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Second Major Report by the Irish Longitudinal Study on Ageing (TILDA) Published

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New Findings Show High Rates of Cardiovascular Disease, Arthritis and Obesity Among Older People in Ireland

Dublin/Brussels February 7th, 2014 – The second major report by the Irish Longitudinal Study on Ageing (TILDA), a national study of over 8,000 people aged 50 and over in Ireland lead by Trinity College Dublin was published on January 29th, 2014.

The findings will inform health and social policy and practice in Ireland with long-term benefit for an ageing society.


Key Findings:

  • Over one third of the over 50s in Ireland are obese and a further 44% are overweight.

  • Obesity is strongly associated with heart disease and diabetes. Diabetes is three times more common in obese individuals, and rates of cardiovascular disease among obese over 50s are nearly twice as high as rates among those of normal weight.

  • About one third of the over 50s report low levels of physical activity, with more women than men reporting low physical activity.

  • Over half of those aged 75 and over have arthritis. 10% of those aged 75 and over without arthritis when first surveyed went on to develop the condition.

  • 16.5% of adults over 50 smoke (down from 18.3% in Wave ) and a notable decrease in smoking occurs around retirement age. 

  • Problematic drinking has risen for both men and women; from 17% to 22% in men and from 8% to 11% in women. 

  • Polypharmacy (i.e., taking five or more medications) has increased from 21% to 26%.

  • Nearly 20% of men and 25% of women over 50 have fallen in the past year, and almost 10% of the over 50s have had a fall requiring medical treatment in the last year.

  • The over 50s enjoy high levels of satisfaction with their quality of life into late old age, and those with strong social networks and relationships have higher quality of life than those who are less socially active.

  • There has been a decline in private health insurance cover among the under 65s but an increase in those aged 65 or over.

  • The percentage of the over 50s with a medical or GP visit card has increased overall, but declined in those aged 70 years and over.

  • The uptake of prostate and breast cancer screening is high but the uptake of the flu vaccine is low.

  • The incomes of the over 50s have remained stable, but wealth has fallen, largely due to a reduction in the value of property assets.

Commenting on the significance of the study, Principal Investigator of TILDA and Professor of Medical Gerontology at Trinity College Dublin, Professor Rose Anne Kenny said that “[…]TILDA will greatly assist new policy initiatives to address health behaviours and disease prevention so that our later life years can be healthy and independent.”

Building on great recognition Ireland, TILDA is also actively seeking to collaborate with European partners and to contribute to the Innovation Union through Horizon 2020 - the EU’s new Framework Programme for Research and Innovation.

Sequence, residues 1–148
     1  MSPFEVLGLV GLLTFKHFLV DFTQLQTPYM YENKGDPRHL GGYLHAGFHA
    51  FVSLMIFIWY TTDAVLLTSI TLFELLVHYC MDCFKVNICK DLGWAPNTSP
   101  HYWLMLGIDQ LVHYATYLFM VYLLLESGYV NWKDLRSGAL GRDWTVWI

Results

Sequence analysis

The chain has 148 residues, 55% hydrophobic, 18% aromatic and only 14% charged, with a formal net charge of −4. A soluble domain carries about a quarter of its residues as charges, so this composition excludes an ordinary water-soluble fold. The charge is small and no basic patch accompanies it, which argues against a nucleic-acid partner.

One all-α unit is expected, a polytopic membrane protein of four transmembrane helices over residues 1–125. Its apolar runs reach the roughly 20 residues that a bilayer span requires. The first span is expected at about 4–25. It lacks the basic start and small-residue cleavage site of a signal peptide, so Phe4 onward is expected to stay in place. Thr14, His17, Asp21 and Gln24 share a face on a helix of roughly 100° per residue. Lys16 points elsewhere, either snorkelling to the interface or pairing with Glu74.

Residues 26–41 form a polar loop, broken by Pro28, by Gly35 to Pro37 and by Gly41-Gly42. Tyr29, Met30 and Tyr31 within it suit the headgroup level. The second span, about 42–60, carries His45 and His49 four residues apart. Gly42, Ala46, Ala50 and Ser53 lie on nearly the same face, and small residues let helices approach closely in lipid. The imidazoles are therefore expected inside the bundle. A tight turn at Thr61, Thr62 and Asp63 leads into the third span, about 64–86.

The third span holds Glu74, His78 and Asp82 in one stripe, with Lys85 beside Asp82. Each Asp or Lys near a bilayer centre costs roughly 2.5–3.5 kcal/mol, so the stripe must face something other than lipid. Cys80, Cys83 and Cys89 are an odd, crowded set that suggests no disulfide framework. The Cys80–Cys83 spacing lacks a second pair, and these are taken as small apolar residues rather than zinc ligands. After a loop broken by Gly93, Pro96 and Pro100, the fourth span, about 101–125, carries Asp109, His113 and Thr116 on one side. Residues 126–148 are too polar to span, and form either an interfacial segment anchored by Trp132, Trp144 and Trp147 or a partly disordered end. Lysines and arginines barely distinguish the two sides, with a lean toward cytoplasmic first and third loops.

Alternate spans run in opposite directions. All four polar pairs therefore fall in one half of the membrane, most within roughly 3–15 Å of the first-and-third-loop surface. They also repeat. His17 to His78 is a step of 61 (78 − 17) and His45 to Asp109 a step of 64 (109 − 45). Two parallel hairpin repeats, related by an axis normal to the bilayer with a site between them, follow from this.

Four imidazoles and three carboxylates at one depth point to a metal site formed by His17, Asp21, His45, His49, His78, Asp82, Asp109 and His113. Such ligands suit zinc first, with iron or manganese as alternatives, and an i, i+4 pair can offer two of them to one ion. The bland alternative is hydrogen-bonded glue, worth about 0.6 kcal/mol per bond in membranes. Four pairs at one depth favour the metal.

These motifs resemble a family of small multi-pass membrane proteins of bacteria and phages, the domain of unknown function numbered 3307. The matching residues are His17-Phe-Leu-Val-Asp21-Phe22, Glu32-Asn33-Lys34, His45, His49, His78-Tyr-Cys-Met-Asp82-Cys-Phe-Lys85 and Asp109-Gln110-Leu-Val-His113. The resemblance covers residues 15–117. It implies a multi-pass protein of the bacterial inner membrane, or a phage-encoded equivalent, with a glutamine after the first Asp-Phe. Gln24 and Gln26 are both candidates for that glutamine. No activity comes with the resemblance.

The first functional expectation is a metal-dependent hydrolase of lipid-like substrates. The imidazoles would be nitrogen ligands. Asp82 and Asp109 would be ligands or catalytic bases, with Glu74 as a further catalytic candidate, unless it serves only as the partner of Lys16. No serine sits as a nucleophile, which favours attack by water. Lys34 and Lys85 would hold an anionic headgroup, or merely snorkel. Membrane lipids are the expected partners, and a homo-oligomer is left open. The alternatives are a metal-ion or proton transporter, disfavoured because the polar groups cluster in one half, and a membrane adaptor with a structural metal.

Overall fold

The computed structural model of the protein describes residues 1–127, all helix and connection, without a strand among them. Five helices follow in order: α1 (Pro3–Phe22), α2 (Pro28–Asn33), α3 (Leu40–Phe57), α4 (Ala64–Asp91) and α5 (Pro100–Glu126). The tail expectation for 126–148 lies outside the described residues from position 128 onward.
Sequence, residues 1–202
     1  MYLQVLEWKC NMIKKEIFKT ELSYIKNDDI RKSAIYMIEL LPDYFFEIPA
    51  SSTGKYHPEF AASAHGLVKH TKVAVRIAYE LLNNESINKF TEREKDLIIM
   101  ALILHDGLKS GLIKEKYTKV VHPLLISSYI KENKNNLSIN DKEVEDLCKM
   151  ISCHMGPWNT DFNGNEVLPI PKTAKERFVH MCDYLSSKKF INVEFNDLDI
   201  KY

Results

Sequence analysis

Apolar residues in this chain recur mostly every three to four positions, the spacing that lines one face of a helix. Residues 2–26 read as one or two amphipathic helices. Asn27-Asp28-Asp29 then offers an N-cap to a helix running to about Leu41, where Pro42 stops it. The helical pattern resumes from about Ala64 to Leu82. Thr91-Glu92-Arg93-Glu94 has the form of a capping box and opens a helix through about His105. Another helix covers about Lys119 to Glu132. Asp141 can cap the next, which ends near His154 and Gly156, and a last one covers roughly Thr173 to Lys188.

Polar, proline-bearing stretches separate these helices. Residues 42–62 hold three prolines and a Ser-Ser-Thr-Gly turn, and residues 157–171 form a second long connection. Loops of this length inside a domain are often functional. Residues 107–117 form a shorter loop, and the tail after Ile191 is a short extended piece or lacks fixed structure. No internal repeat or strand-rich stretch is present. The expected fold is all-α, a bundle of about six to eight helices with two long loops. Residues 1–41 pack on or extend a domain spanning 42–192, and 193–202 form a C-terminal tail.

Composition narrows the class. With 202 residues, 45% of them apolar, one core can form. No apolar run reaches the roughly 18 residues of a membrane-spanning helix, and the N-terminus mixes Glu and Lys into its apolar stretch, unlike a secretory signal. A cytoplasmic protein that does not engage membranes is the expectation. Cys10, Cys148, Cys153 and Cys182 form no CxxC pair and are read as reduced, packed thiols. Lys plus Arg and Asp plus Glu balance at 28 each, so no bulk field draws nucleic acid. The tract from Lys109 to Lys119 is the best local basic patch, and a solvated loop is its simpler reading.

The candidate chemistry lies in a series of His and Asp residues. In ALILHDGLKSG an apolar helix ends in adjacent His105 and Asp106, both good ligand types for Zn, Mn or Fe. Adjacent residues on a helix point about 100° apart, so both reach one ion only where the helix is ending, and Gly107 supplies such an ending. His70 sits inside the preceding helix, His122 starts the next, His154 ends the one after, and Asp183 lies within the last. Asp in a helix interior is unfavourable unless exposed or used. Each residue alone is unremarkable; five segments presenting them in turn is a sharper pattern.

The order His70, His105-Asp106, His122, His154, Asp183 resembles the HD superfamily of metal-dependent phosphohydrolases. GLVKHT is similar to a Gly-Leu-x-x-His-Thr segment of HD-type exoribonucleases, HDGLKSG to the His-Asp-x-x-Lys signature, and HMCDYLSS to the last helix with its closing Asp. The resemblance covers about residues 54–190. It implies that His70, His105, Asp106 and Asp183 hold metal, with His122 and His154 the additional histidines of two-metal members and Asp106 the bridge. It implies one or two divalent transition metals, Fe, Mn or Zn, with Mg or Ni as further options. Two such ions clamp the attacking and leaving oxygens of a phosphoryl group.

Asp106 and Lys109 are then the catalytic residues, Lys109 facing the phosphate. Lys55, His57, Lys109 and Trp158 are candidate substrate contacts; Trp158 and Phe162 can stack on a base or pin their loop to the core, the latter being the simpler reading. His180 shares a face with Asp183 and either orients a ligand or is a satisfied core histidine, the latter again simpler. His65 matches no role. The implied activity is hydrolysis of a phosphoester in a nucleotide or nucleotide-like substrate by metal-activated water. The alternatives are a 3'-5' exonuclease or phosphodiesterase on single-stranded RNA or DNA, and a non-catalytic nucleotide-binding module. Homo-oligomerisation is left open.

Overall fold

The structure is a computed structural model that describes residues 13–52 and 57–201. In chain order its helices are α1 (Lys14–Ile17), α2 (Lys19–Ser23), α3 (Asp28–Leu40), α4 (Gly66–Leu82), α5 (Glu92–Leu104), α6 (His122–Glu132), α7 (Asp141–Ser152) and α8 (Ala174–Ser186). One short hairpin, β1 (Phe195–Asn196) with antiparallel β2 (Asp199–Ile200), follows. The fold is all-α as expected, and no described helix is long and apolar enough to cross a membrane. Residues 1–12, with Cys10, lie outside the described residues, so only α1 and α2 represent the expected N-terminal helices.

Media Enquiries 


Jessica Hadjis 

ISC Intelligence in Science 

Email: jessica.hadjis@iscintelligence.com 

Tel: +32 2 88 88 100 





Press Officer for the Faculty of Health Sciences, 

Trinity College Dublin, Yolanda Kennedy,

Tel:+353-1-8963551 or 086 3860638;

Email: yokenned@tcd.ie



Editor’s Note


The Irish LongituDinal Study on Ageing (TILDA) was launched in November 2006 to study a representative cohort of over 8,000 people, aged 50 and over and resident in Ireland, charting their health, social and economic circumstances over a 10-year period. It the most comprehensive study of ageing ever carried out in Ireland and is modelled closely on long-running ‘sister’ studies worldwide, such as the US Health and Retirement Survey and the English Longitudinal Study on Ageing. The study is being carried out by Trinity College Dublin in collaboration with an interdisciplinary panel of scientific researchers, with expertise in various fields of ageing from the Economic and Social Research Institute (ESRI), National University of Ireland Galway (NUIG), Royal College of Surgeons in Ireland (RCSI), University College Cork (UCC) and Waterford Institute of Technology (WIT). A group of international scientists advises the TILDA investigators. Funding has been provided by the Department of Health, Irish Life and the Atlantic Philanthropies. 



Horizon 2020 is the financial instrument implementing the Innovation Union, a Europe 2020 flagship initiative aimed at securing Europe's global competitiveness. Running from 2014 to 2020 with a budget of just over €70 billion, the EU’s new programme for research and innovation is part of the drive to create new growth and jobs in Europe.

Horizon 2020 provides major simplification through a single set of rules. It will combine all research and innovation funding currently provided through the Framework Programmes for Research and Technical Development, the innovation related activities of the Competitiveness and Innovation Framework Programme (CIP) and the European Institute of Innovation and Technology (EIT).

Further information on Horizon 2020: http://ec.europa.eu/research/horizon2020/index_en.cfm?pg=home